Mr Kopfrkingl (Rudolf Hrusínský) is the owner of a Czech crematorium in the late nineteen-thirties, and he is anxious to drum up business, which is largely dependent on how many dead bodies he can acquire to reduce to ashes, a procedure that only takes seventy-five minutes as he is keen to point out to any potential customers. After taking his family to the zoo one day, and discussing with his wife what his big plans for his business are, he arranges a dinner dance where the cityfolk can hear his spiel, but he will soon be given the opportunity to cremate more bodies than he could ever imagine...
The Cremator, or Spalovac mrtvol in its original tongue, is considered by many to be the greatest horror film ever to emerge from what used to be Czechoslovakia, and is often taken to be part of the far too short-lived Czech New Wave of cinema that occured in the sixties. But its director Juraj Herz was never really part of that gang, more closely allied to the likes of the brilliant animator Jan Svankmajer, a contemporary of his (although the director of the better known Closely Observed Trains, Jirí Menzel, has a supporting acting role here), as his work edged further to the surreal.
As much as Herz ploughed his own furrow, it is this film that stands out in his body of work for many if for nothing other than its striking style, both visual and aural. As far as the soundtrack goes, there is a near-constant stream of consciousness monologue from the main character which leaves us privy to his thoughts and how he sees himself as a great liberator of souls, even going to the extent of comparing himself to a religious leader - Tibetan, if you're interested. Coupled with this insidiously unnerving purring is a similarly uninterrupted musical accompaniment from Zdenek Liska, sounding ethereal and at times quite beautiful, yet in this context unmistakably menacing.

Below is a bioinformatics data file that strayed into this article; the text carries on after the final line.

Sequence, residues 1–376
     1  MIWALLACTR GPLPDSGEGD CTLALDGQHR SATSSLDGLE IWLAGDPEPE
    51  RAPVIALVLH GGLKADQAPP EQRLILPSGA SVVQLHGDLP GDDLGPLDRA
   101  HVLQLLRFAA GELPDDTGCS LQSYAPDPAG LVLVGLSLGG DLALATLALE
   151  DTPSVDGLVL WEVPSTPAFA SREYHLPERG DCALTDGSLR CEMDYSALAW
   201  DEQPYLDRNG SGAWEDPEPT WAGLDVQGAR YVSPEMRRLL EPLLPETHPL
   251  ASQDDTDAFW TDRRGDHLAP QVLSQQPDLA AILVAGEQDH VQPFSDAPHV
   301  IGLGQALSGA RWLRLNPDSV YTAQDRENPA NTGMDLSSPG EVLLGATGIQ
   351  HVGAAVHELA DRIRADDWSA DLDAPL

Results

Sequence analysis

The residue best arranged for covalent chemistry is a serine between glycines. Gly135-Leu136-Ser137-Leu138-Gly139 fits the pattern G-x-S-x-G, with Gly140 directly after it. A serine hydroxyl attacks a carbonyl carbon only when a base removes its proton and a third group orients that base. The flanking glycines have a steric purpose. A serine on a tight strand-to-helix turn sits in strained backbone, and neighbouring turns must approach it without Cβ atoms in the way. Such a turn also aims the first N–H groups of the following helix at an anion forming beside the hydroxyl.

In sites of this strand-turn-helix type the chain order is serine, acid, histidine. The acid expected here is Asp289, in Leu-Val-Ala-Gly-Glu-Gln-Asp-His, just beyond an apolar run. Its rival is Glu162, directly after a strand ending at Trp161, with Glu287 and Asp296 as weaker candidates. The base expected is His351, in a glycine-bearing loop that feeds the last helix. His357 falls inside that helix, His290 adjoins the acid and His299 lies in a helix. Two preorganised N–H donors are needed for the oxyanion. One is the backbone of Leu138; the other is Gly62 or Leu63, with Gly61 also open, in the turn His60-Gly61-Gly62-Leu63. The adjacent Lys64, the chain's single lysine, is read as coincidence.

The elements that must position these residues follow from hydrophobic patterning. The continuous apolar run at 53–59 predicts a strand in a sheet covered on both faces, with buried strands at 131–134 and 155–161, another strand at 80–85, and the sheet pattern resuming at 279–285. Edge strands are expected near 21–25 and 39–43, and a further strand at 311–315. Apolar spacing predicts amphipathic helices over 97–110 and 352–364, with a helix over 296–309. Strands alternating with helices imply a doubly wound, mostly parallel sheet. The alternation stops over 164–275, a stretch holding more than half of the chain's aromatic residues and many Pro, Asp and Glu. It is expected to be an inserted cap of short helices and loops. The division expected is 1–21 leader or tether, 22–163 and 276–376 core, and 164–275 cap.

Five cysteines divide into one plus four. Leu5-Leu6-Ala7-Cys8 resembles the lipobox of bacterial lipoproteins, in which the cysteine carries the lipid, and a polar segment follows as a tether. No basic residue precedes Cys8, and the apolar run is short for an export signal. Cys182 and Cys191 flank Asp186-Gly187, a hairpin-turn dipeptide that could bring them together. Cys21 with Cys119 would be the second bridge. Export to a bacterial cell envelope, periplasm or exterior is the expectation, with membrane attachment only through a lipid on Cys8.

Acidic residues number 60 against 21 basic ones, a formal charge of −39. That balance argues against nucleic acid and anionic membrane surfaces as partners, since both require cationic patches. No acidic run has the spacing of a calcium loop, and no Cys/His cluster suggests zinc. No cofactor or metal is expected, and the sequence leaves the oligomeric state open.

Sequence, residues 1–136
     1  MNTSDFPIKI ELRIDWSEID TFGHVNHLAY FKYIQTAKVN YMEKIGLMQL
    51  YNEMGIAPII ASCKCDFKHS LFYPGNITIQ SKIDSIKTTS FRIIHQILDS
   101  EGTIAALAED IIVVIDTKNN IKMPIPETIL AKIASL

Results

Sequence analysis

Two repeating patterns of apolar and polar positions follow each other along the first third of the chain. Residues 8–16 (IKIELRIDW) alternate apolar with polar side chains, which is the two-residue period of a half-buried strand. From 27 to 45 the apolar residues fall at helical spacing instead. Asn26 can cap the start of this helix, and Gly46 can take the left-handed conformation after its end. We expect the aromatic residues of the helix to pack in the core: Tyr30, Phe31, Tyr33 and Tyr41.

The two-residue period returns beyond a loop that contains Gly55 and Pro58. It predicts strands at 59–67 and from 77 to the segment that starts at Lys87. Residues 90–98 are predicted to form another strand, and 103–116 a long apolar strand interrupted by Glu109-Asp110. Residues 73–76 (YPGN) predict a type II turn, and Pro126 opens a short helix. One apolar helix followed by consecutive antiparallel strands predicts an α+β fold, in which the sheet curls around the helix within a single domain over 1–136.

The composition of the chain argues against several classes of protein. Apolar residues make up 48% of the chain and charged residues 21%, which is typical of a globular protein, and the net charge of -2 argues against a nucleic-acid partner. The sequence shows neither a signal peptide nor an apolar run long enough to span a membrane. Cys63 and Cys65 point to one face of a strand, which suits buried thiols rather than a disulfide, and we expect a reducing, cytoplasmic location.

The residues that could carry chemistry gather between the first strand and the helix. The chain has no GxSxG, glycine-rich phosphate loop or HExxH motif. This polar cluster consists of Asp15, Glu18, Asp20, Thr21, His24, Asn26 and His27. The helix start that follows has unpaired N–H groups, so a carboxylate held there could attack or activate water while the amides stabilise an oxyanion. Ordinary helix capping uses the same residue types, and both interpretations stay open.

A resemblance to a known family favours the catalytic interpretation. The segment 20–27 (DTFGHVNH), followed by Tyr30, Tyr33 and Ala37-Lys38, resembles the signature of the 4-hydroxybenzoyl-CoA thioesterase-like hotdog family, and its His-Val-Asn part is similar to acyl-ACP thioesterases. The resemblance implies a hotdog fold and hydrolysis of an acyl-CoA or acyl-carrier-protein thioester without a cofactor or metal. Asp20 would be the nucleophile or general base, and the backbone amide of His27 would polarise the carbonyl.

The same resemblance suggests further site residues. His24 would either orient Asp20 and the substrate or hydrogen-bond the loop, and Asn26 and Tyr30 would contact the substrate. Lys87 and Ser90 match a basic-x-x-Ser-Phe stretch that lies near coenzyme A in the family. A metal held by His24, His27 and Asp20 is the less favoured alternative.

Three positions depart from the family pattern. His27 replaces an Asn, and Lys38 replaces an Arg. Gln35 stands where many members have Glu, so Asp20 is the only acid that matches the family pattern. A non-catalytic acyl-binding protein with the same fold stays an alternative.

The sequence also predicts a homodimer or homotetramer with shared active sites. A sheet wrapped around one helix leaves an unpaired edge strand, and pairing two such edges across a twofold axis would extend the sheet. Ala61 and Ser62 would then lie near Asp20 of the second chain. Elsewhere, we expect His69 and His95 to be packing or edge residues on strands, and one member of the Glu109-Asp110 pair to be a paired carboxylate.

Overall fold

Not that there's much of the explicit horror in The Cremator, it's more the realisation, which doesn't take as long to hit home as Herz seemed to think, that Kopfrkingl is well on his way to joining the Nazis. To illustrate how fascism turned ordinary Europeans into people who would willingly send their neighbours to terrible fates because they thought they had a moral superiority that evidently was absent, the cremator takes this to an extreme by rejecting his wife, who is half Jewish, and his son and daughter who he believes have been tainted by the blood running in their veins, not realising that it is he and the ideology he has adopted who are the overwhelming danger to society.
Herz's work here is very distinctive, not only because of what you hear but of what you see. He will continually return to closeups of the cast, usually the oily Kopfrkingl (a riveting performance), as if to throw you off guard and persuade you that yes, this film's overriding ambition is to give you the creeps. If anything he is overemphatic and the experience becomes suffocating, as the insistent tone of the death-obsessed central character does not let up for the full ninety minutes. It comes as no surprise as to where this is leading, but the protagonist's conviction that he is only sparing those who do not conform to the Nazis and in fact setting them free creates genuine unease, especially when he puts his ideas into practice. If you ever needed reminding that the Holocaust was the product of evil "rationalised" in the minds of men, then The Cremator will serve that purpose, and as an artistic achievement it is an uncomfortable success.